Gold hits another record for the third straight day on expectations that inflation will continue to accelerate and the rising interest rates in Europe.
By Pham-Duy Nguyen
Apr 7, 2011 11:56 AM MT
Bullion advanced to an all-time high of $1,466.50 an ounce. European Central Bank President Jean-Claude Trichet lifted borrowing costs for the first time in almost three years. Federal Reserve Chairman Ben S. Bernanke said on April 4 that any boost to consumer prices would be “transitory.” The Thomson Reuters/Jefferies CRB Index of 19 raw materials rose to the highest since September 2008.
“Gold, oil, the CRB Index, foreign currencies and Treasury yields are all screaming at Bernanke that it’s time to join Mr. Trichet in the fight against inflation,” said Michael Pento, a senior economist at Euro Pacific Capital in New York. “But the sad truth is that the double-dipping real estate market and the onerous U.S. debt levels prohibit interest-rate hikes without dire consequences in the short term.”
Gold futures for June delivery rose 80 cents to settle at $1,459.30 an ounce at 1:53 p.m. on the Comex in New York. The metal for immediate delivery in London gained as much as 0.4 percent to a record $1,464.93.
Trichet signaled more rate increases after the ECB today raised the benchmark rate to 1.25 percent from a record low of 1 percent. The Fed has kept the benchmark U.S. rate at zero percent to 0.25 percent since December 2008 to stimulate growth.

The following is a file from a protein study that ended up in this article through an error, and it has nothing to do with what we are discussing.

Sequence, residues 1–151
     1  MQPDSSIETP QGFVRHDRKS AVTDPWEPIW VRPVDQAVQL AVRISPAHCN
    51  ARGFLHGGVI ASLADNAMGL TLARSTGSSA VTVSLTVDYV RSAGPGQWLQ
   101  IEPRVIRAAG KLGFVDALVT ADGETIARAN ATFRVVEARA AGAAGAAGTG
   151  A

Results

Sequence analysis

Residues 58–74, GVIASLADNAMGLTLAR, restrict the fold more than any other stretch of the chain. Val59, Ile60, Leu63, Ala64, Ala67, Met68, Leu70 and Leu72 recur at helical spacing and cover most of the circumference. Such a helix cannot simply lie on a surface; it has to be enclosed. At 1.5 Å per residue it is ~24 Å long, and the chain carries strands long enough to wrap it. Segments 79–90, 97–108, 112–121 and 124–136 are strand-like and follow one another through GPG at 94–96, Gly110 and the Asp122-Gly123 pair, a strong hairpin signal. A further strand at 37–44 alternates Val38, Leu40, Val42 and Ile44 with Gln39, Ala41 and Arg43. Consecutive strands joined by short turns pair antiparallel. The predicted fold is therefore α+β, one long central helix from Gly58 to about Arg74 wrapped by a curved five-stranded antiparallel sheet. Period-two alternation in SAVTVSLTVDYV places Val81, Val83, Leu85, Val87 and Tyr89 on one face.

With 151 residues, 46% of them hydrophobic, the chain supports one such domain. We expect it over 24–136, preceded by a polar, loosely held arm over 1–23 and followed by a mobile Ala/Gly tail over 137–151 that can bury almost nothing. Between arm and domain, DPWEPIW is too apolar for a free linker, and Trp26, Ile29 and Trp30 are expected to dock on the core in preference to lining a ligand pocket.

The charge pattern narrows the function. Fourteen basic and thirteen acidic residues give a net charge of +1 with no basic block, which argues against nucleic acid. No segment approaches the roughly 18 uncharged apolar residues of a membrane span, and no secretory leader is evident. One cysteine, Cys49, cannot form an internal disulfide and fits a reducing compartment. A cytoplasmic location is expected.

“Going forward, there will be a differential between the euro and the dollar because the U.S. can’t or isn’t inclined to raise rates,” said Frank McGhee, the head dealer at Integrated Brokerage Services LLC in Chicago. “Gold is supported by the view that the dollar will weaken.”
Prices will average $1,460 this year, up from a previous forecast of $1,426, Standard Chartered Plc said today in a report. The metal will average $1,650 next year, the bank said.
Gains were limited as some investors locked in profits, said Adam Klopfenstein, a senior market strategist at Lind- Waldock in Chicago.
“Everyone had priced in the ECB rate hike, and the dollar regained a bit of strength, which dampened the sell-dollar-buy- gold trade,” Klopfenstein said.
Silver futures for May delivery rose 16.5 cents, or 0.4 percent, to $39.552 an ounce on the Comex. Yesterday, the price reached $39.785, the highest since January 1980. That year, the most-active contract reached a record $50.35.
Palladium futures for June delivery fell $4.35, or 0.6 percent, to $780.25 an ounce on the New York Mercantile Exchange. Platinum futures for July delivery fell $7.20, or 0.4 percent, to $1,790.60 an ounce on the Nymex.
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